Management And Leadership

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Management and Leadership

Management and Leadership


Management and Leadership have been significantly associated with one another since leading itself is one of the core components of effective management that is, planning, organizing, leading and controlling. The reason leading is a key component is because when employees and groups are required and obliged to follow certain rules and principles set by an authoritative individual or body or organization that runs the entire setup (Caligiuri, 2008, 494). Thus for effective management, strong and effective leadership skills are necessary and inevitably crucial in order for the entire system of conduct, to survive accordingly. Strategic management clearly implies the positioning and undertaking of organizational goals and tailoring them in order to improve the external reputation and portfolio in the overall market.

Theories of Leadership

Leadership theories abound in the organizational and business literature. With so many approaches, strategies, and theories from which to choose, it is difficult for organizational leaders to discern which approach or style of leadership best suits the needs of their organization. In addition, the thought that one particular theory can meet the needs of all leaders, all organizations, and all situations may add to the confusion of those hoping to navigate a path for their group or organization and exercise leadership (Greenleaf, 2009, 87). Contemporary understanding of leadership began with the “great man theory” in the early 1900s, which essentially claimed that leadership could be best understood by studying the great men who led nations. This approach led to an examination of presidents and generals, such as Sir Winston Churchill, Joseph Stalin, Franklin Delano Roosevelt, and Abraham Lincoln. By understanding the actions, approaches, and styles of these men, proponents contended, one could understand good leadership (Bordas, 2007, 115).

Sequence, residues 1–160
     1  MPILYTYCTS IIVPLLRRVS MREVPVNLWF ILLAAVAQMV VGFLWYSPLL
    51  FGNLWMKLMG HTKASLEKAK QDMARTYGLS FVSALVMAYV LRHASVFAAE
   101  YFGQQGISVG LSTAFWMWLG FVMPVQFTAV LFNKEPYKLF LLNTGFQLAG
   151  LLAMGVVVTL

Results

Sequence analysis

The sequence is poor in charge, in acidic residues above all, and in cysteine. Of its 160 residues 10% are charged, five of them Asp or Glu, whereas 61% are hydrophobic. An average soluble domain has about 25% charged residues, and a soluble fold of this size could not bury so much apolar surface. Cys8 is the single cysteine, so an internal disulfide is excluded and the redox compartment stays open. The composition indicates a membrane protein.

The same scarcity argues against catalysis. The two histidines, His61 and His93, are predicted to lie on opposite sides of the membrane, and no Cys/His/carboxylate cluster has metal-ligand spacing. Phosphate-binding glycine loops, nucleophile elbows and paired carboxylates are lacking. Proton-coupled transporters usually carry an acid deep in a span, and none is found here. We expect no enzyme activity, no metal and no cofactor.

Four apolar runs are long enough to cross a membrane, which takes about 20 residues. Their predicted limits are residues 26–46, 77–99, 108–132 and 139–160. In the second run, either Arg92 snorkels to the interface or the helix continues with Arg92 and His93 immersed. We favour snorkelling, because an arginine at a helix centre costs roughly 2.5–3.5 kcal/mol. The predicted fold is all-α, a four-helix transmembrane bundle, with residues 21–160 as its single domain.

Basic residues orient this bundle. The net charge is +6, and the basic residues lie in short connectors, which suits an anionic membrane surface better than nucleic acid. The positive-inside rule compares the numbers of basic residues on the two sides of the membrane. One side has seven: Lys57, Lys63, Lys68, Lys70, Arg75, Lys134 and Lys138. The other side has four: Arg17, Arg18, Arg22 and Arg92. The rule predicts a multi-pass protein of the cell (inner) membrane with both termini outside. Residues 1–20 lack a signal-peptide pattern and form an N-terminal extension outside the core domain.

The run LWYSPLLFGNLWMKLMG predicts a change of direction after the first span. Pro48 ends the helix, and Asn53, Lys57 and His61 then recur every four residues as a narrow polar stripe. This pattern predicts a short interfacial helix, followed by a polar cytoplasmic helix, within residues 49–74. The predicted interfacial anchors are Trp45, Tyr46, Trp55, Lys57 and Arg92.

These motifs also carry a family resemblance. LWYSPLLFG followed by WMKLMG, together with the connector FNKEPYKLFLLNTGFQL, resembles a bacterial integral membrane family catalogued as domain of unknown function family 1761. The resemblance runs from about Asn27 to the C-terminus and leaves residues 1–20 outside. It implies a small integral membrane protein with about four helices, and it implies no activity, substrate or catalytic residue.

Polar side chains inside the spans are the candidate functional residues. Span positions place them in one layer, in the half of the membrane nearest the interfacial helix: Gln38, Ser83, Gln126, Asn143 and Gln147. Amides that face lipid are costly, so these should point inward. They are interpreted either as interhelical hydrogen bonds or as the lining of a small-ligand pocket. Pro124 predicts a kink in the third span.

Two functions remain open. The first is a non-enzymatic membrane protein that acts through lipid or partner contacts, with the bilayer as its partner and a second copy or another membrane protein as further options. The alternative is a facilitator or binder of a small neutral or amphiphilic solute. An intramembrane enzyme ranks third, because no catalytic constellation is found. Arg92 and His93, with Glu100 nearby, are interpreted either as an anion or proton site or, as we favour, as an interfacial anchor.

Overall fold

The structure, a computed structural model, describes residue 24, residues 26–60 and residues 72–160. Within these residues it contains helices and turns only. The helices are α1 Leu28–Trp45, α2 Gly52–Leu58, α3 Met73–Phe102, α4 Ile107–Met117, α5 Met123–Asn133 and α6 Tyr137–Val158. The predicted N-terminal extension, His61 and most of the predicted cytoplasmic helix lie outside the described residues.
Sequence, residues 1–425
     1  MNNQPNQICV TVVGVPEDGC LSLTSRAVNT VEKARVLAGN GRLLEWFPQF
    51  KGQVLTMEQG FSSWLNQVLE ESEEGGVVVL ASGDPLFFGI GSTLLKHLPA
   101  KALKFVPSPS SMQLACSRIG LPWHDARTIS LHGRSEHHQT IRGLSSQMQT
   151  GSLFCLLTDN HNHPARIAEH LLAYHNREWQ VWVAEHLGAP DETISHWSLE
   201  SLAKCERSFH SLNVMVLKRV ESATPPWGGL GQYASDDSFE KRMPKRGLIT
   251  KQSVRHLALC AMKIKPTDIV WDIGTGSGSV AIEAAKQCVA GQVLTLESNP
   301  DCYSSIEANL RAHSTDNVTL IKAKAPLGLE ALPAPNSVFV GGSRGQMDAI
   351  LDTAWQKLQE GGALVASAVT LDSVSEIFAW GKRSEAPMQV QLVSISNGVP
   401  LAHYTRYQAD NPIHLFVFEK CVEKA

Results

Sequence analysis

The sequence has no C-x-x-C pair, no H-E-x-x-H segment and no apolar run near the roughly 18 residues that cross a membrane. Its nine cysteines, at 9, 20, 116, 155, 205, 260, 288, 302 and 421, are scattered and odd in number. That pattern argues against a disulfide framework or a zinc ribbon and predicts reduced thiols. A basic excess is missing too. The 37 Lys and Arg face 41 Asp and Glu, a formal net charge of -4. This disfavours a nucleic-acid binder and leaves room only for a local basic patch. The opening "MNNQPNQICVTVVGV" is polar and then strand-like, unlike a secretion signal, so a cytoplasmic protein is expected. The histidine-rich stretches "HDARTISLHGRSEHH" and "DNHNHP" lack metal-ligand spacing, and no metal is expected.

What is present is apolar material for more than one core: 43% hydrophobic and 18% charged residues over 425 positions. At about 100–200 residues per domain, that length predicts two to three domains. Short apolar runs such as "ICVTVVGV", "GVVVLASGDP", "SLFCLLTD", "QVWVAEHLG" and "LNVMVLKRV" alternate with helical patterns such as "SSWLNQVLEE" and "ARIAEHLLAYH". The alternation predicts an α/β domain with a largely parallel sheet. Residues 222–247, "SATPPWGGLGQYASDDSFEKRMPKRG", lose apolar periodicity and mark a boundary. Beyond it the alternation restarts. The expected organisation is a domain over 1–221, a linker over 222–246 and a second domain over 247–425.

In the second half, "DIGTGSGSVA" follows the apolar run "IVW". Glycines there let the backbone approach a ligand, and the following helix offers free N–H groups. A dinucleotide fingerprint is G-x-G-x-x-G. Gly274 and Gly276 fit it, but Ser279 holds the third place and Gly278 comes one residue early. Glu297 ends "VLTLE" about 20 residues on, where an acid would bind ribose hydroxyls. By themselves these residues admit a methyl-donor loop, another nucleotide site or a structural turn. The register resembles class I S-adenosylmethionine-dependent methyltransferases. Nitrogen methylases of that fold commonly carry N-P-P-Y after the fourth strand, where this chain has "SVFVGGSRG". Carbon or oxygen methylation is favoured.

The great man theory evolved into trait theory, a theory that suggested certain people contain the necessary traits for leadership essentially saying that leaders are born. From this perspective, leadership is viewed as being linked to certain traits and people who have those traits will make good leaders. In the first part of the 20th century, leadership was understood by studying the traits and behaviours of people who held leadership roles. Around the middle of the century, the focus shifted as scholars began recognizing the complex social influences on both individuals and organizations. Situational leadership claims that the most appropriate action of a leader depends on a variety of situational factors. Hersey and Blanchard's (1977) situational leadership theory claims that a leader should base his or her style and leadership behaviour on the specific situation of the followers (Covey, 2009, 221).

Similar to situational leadership is contingency theory. Made popular by Fiedler (1967), contingency theory acknowledges the many influences on leadership activity and suggests that leadership behaviour is contingent on many different factors, such as the leader's preferred style, the group of followers, and the situation (Covey, 2009, 223). These more classic theories dominated the leadership literature for a large part of the 20th century.

As the issues facing organizations became more complex, leadership theories began ...
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